The House speaker sat down with the failed 2016 presidential candidate for an interview on Clinton’s podcast, ‘You and Me Both,’ on Monday, where they discussed the bout of chaos in Washington, DC earlier this month. At one point during the conversation, Clinton argued that President Donald Trump “has other agendas” – though hastened to add that “I don’t think we yet know” what those are – wondering aloud about “who pulls his strings.”
“I would love to see his phone records to see whether he was talking to Putin the day the insurgents invaded our Capitol,” Clinton said, asking Pelosi: “Do you think we need a 9/11-type commission to investigate and report everything they can pull together and explain what happened?”
Pelosi responded in the affirmative, saying that when it comes to Trump, “all roads lead to Putin.”
“I don’t know what Putin has on him politically, financially or personally, but what happened last week was a gift to Putin. Because Putin wants to undermine democracy in our country and throughout the world,” Pelosi added confidently, despite being fuzzy on the details.
“These people are the *last* ones with any moral standing to rant about conspiracy theories & disinformation,” wrote journalist Glenn Greenwald, adding:
Others weighed in to ask whether Twitter’s policies against conspiracy theories and “dangerous disinformation” – harshly enforced for the QAnon community – would apply to Clinton and Pelosi’s baseless musings, joking that they are likely to “sow discord” in the US political scene.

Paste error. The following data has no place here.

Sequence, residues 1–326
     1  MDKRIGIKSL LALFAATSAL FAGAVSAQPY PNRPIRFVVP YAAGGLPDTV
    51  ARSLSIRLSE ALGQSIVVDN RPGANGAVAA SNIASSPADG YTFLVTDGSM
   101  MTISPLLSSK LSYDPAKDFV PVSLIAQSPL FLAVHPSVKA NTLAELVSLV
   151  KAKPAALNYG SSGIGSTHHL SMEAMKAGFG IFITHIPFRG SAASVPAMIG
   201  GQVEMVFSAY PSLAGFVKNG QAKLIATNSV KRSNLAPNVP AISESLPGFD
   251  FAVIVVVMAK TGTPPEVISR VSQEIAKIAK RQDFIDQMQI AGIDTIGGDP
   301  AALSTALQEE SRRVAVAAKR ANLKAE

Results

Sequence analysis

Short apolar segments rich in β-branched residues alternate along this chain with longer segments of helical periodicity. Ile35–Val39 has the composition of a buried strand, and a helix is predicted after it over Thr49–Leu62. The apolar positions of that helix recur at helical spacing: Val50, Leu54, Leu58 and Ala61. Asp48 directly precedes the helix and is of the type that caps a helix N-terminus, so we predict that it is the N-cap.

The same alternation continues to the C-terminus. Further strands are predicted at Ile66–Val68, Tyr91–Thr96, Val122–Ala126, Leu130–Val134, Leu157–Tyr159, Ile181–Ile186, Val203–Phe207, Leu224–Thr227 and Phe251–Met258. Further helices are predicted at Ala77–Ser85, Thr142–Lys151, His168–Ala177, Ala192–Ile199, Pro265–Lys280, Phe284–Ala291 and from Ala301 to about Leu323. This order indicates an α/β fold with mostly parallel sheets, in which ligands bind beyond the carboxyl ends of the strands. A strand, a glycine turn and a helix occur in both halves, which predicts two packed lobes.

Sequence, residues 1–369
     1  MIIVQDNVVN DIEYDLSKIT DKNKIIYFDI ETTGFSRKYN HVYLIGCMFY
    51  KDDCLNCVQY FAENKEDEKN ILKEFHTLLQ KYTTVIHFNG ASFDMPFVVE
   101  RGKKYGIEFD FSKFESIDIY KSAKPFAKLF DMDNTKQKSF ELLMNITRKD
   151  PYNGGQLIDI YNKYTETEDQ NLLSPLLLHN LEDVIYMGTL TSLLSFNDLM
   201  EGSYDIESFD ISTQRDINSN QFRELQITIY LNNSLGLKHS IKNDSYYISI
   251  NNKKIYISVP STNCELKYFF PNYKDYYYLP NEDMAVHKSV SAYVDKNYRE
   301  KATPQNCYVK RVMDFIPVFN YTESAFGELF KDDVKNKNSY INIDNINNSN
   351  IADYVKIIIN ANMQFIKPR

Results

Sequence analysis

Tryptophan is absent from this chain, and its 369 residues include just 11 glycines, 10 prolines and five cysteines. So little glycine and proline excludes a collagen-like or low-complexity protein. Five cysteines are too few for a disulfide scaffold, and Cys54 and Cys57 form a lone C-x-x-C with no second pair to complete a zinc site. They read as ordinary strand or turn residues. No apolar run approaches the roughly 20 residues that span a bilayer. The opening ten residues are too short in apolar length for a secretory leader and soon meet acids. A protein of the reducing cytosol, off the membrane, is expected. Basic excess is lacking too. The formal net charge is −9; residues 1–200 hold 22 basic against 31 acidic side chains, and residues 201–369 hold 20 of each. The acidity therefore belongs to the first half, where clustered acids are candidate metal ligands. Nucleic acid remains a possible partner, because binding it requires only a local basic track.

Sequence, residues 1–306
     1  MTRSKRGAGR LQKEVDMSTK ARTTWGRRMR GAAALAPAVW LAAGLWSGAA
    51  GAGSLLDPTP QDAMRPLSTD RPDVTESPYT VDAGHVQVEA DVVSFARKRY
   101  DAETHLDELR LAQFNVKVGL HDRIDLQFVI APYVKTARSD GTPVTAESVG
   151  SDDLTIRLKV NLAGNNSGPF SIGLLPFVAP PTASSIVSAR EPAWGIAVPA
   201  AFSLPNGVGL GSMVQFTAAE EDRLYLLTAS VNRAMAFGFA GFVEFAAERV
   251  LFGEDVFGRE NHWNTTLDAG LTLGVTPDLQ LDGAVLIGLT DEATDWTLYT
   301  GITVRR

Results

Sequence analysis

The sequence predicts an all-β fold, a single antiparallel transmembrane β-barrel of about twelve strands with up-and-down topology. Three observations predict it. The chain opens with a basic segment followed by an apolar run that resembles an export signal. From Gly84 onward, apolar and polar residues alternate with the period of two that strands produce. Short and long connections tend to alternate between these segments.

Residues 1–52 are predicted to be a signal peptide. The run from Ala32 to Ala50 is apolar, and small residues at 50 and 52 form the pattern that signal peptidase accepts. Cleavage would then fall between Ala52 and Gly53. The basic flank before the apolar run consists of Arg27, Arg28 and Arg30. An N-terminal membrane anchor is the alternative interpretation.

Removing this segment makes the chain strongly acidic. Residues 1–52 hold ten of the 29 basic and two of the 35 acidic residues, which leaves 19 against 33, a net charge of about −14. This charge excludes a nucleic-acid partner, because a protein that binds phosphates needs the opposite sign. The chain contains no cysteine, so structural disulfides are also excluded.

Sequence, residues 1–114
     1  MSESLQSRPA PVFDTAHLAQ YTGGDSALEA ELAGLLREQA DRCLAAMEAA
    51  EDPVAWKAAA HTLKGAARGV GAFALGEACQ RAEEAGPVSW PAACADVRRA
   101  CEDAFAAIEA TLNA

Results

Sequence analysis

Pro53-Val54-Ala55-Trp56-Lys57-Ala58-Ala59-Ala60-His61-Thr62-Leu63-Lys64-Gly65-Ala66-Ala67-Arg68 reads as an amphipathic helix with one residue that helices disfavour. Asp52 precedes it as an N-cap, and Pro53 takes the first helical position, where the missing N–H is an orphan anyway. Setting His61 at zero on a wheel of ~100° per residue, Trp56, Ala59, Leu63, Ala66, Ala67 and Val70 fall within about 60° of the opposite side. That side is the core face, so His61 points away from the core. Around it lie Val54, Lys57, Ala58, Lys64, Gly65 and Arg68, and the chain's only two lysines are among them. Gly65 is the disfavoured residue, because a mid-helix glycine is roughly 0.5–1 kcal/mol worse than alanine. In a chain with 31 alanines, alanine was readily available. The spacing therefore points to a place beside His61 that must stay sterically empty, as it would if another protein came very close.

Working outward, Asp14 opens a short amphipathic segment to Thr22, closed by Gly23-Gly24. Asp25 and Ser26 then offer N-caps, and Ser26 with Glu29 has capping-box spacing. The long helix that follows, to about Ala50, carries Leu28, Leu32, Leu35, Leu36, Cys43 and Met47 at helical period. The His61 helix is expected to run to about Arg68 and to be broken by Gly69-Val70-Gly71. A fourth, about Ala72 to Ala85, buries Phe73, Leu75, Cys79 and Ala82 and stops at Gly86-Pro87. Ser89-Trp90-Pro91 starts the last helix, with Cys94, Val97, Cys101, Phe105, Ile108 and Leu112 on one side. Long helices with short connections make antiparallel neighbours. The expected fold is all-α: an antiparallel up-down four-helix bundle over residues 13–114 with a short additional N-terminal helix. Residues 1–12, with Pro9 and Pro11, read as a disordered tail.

In line with Pelosi and Clinton’s conspiracy-minded conjecture, an ex-romantic interest of one of the Capitol rioters came forward last week to allege the House speaker’s laptop was stolen from her office so it could be sold off to Russian intelligence. Though the alleged deal was said to have gone sour and never took place, the FBI says it has been unable to confirm whether the story holds water.
While no evidence of foreign government involvement in the Capitol riot has yet come to light, the FBI has nonetheless launched a probe into the possibility, examining in particular a series of payments equalling more than $500,000 in bitcoin made to key figures involved in organizing the protest and allegedly sent by a French national who had since committed suicide.
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